Another shortstop to watch closely is Rosario, who will make his professional debut a year after inking a $1.75 million bonus -- more than half the Mets' $2.9 million international signing budget. Rosario is all projection right now but could develop into a superstar if everything breaks right. His journey officially begins this summer.
New kids on the block
d'Arnaud is not simply a new kid -- he's the crown jewel of this system. A power-hitting catcher with a strong reputation for both defense and hitting, d'Arnaud would have made his Major League debut in 2012 had he not torn a ligament in his left knee in June, ending his season. As it is, he started this season back at Las Vegas.
The Mets took on significant risk in acquiring d'Arnaud, dealing reigning National League Cy Young Award winner Dickey to the Blue Jays in a seven-player trade in December. Though the Mets also acquired their catcher of the present in that trade, John Buck, the deal from their perspective centered on d'Arnaud.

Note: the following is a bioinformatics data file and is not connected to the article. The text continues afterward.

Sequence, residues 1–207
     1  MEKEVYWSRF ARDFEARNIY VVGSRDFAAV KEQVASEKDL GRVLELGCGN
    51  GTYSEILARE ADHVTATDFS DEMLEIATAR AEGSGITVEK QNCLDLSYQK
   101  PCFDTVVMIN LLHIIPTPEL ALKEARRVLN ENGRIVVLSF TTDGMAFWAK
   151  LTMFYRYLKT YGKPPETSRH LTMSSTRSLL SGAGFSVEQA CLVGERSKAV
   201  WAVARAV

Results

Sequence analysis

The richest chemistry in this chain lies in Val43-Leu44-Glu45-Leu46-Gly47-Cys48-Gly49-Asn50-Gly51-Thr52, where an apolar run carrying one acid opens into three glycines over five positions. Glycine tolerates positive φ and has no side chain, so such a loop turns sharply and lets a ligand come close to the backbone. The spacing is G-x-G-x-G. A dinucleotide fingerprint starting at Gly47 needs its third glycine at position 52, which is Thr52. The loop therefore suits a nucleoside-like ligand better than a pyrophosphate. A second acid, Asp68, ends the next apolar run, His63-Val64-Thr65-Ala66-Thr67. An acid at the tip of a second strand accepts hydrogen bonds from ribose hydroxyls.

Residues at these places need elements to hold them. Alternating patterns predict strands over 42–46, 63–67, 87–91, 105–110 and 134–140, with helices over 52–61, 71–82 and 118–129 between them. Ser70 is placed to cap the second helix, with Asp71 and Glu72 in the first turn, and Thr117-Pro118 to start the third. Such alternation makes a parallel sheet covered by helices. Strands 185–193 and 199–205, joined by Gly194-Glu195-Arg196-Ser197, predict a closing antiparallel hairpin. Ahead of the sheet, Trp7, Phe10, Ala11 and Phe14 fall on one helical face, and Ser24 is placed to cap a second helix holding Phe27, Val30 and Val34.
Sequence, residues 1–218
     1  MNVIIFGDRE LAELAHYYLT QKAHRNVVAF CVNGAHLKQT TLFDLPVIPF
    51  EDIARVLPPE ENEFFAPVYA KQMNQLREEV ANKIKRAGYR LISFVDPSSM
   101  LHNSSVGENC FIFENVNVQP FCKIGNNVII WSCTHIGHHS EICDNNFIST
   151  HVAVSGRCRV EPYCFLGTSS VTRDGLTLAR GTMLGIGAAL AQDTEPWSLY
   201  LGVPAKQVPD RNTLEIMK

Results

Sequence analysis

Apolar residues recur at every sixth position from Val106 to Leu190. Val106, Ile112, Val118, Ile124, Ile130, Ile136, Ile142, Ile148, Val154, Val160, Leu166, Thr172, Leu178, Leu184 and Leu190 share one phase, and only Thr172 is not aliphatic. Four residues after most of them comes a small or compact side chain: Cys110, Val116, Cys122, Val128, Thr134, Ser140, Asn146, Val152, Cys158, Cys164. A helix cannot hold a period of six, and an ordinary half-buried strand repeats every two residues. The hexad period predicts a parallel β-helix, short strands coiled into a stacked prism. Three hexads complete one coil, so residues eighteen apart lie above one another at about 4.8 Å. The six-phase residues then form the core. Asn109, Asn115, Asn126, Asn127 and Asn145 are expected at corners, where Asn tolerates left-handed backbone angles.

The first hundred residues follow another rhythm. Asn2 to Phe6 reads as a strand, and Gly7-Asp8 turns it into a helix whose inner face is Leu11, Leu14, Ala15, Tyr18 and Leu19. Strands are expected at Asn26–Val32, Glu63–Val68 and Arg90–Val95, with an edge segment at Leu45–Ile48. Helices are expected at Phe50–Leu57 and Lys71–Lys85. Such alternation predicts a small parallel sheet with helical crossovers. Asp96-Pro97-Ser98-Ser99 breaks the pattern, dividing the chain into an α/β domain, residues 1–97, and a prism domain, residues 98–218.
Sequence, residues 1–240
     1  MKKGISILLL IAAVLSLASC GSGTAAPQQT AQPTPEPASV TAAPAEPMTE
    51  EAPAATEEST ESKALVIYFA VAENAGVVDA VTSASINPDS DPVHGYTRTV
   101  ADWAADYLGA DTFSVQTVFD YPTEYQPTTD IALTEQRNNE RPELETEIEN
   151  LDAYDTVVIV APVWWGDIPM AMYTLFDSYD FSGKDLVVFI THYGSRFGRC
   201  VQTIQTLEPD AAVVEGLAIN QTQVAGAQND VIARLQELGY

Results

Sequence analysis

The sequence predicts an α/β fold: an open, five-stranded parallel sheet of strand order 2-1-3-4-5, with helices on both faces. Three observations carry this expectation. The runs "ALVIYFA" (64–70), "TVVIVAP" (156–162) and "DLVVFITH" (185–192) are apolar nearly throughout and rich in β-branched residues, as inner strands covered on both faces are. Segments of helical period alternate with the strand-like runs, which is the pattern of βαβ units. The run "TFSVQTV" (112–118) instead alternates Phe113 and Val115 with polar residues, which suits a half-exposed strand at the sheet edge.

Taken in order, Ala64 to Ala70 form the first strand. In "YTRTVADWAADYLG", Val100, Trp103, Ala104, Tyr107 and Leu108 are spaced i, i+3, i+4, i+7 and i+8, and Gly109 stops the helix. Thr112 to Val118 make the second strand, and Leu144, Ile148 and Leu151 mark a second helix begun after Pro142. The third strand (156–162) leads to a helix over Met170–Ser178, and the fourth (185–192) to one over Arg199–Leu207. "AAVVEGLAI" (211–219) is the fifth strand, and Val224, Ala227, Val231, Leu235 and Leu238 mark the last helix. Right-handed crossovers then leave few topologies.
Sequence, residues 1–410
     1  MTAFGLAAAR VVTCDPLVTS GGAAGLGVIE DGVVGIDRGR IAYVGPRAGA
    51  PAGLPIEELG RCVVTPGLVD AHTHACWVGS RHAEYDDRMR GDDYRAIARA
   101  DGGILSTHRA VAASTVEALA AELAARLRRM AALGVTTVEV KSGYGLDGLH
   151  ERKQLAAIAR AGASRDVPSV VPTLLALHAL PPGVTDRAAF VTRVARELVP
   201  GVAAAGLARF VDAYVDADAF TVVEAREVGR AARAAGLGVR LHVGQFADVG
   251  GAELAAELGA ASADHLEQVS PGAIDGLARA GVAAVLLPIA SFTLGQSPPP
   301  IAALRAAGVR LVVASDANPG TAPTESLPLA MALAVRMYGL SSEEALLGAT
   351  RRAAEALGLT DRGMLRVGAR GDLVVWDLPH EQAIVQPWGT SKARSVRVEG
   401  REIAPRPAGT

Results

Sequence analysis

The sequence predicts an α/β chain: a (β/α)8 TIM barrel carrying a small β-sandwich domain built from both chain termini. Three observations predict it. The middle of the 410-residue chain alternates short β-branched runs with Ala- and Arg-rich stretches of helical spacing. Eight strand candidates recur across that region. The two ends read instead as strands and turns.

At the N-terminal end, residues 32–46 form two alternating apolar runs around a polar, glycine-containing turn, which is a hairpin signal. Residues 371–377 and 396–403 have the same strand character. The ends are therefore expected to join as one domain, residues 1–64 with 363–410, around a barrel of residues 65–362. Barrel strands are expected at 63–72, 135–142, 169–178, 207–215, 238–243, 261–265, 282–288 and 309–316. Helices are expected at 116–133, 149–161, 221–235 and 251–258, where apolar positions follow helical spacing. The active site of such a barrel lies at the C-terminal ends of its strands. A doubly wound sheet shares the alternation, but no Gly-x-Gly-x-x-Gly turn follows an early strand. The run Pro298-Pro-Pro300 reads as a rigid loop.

The other key chip in that trade was Syndergaard, a hard-throwing right-hander who began this summer at St. Lucie. Though Syndergaard remains a few years away from the big leagues, the Mets believe he has top-of-the-rotation potential. A 6-foot-6 Texan, Syndergaard struck out 122 batters in 103 2/3 innings at Class A Lancaster last season.
Teams on TV
Las Vegas is among a growing number of teams whose games are available on MiLB.TV -- good news for Mets fans, considering both Wheeler and d'Arnaud will spend the early summer with the 51s. The 2013 MiLB.TV package includes more than 3,500 Minor League games streamed live, as well as games archived for on-demand streaming soon after completion.
Anthony DiComo is a reporter for MLB.com. Follow him on Twitter @AnthonyDicomo. This story was not subject to the approval of Major League Baseball or its clubs.